Please help me think rationally

Posted on February 2, 2007

I read something recently about reasons to dissuade potential converts and money was one of the reasons. If someone couldn’t afford what it would cost to be Jewish (ritual items, shul dues, donations, schools, clothing, mikvah, Pesach food, etc) then they shouldn’t convert no matter how much they may want to be Jewish or how much they love Judaism and Jews. Because the community has enough of “their own” to support financially.

I’m afraid to think this could apply to emotional needs as well.

Assuming an acceptable, halachically valid conversion, no matter that the convert is supposed to be now accepted as if he or she were born Jewish, are converts still sort of like second-class citizens when it comes to their needs because the community has enough of “their own” (born Jewish) to support, even emotionally?

Even given my history (my maternal grandmother was born and initially raised Jewish, yet through a convoluted family history involving a mysterious death, betrayal, adoption, and antisemitism, she was later baptized and rasied Christian), I fear that I have no right to ask the community for help, for support. They have enough of “their own” to worry about.

Is this the depression talking? Is this irrational thinking that’s all twisted? Or is it true and I have no one? Who do I turn to? Where do I go for help?


  1. Rivka

    You mean for once I’m not the one who needs therapy? 😉

  2. Unknown

    Rivka – Wow. People who can say things like that have far more serious problems. Ignore such foolish and despicable comments.

  3. Ayelet

    It is written quite explicitly in the written Torah (not the gemara which is the oral tradition) that we must take extra care to avoid causing pain to converts (as well as widows and orphans). Any behavior contrary to that is despicable and prohibited!

  4. Rivka

    mother in israel: I know he would agree with you. He knew when I was learning for my conversion about my episodic depression and he made sure that didn’t have anything to do with my wanting to reclaim my Jewish ancestry (it didn’t). He also made sure that I was in a good period of stability before the bais din. My rational mind says if this was a reason for exclusion, he would have said so. My emotions fear the worst.

    tab: the money thing was in writing but the writer said he didn’t agree with it. Just that it existed and many who worked with conversion candidates went by that (the money). It was my own twisted thinking tried to extrapolate from financial support to emotional support.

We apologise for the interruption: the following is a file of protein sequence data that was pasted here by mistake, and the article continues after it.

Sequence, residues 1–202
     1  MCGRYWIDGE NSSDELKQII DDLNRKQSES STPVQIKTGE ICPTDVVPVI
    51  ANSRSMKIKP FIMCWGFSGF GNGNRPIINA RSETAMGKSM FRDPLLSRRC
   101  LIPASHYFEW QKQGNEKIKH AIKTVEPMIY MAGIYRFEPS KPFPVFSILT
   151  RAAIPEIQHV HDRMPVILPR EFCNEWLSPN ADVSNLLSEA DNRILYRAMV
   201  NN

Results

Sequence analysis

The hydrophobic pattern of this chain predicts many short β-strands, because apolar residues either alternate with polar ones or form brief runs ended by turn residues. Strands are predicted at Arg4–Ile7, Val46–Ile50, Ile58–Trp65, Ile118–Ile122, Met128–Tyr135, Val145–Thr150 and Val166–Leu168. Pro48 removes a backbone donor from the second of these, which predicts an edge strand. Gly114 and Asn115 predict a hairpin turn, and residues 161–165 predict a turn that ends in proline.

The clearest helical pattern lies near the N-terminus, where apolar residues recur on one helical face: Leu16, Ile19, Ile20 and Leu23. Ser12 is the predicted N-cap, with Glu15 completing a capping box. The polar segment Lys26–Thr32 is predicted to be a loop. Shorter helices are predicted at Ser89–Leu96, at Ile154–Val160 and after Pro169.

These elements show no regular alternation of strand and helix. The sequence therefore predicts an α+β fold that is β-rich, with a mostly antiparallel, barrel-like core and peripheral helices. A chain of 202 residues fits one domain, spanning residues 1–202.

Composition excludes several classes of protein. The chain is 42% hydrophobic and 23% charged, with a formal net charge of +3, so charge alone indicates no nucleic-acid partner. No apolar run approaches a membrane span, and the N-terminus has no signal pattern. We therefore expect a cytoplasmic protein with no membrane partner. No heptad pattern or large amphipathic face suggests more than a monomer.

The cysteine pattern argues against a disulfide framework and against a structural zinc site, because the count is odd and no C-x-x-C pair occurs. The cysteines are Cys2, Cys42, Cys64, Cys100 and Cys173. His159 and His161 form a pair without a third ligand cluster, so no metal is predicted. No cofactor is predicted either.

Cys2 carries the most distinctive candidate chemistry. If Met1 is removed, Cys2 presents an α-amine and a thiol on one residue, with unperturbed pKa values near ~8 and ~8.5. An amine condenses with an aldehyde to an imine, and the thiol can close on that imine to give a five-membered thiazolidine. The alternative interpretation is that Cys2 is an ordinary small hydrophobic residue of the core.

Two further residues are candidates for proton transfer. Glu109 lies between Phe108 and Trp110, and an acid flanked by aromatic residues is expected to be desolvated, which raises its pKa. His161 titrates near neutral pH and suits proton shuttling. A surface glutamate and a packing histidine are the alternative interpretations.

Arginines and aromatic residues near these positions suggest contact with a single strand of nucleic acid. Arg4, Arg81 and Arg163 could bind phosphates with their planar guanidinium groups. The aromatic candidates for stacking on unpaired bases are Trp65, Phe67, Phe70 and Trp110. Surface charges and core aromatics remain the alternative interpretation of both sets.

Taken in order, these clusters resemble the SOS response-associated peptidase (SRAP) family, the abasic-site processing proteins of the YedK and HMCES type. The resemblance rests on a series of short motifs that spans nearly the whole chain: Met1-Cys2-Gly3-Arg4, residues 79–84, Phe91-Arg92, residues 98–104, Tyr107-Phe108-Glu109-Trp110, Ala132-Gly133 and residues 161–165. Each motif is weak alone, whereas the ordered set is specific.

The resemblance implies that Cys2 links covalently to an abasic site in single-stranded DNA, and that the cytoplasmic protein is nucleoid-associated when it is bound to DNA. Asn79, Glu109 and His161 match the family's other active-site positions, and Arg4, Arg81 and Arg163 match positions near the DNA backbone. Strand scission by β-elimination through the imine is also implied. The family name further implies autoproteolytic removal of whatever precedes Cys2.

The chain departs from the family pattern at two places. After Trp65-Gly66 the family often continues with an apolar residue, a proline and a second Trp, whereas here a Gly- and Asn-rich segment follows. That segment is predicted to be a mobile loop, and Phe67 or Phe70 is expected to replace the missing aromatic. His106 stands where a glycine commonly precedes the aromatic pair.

ezzie: there are a handful of not so nice people at shul who do remind me, frequently and publicly and loudly, of my status as a convert. One in particular said I didn’t have Jewish blood so no matter how I acted and talked and believed, it didn’t matter. I wasn’t Jewish enough and that was that. She didn’t care about my grandmother unless I had more proof than just letters. I was so embarrassed the last time that I avoid her whenever I can. I will mention my concerns the next time I talk to my rabbi.

    jack: that’s what I want, more than anything. 🙂

  5. Jack Steiner

    You are a part of the family. Period, end of story.

  6. Unknown

    No, I’m with MiI as well.

    The two are very dissimilar: We’re required to try and dissuade potential converts not because the community has enough of ‘their own’ to support, but because it is extremely difficult and they may be disappointed at some point in the future.

    But once someone converts, the opposite approach becomes not just suggested, but required: To treat a convert exactly as we would anybody else.

    There’s no reason this wouldn’t apply for emotional needs as well.

  7. Anonymous

    I second what MII said and would like to add that anyone who would put that in writing needs to be challenged. Any Jew who has that attitude needs to have it excised from their mind by a rabbi or other Jewish community professional who commands respect.

  8. mother in israel

    are converts still sort of like second-class citizens when it comes to their needs because the community has enough of “their own” (born Jewish) to support, even emotionally?

    No. You should try to erase such an attitude from your mind. Converts are full Jews, and born-Jews are not allowed to remind converts of their status. I suggest speaking to your rabbi about this. Hopefully he will know how to help you.

    Shavua tov.

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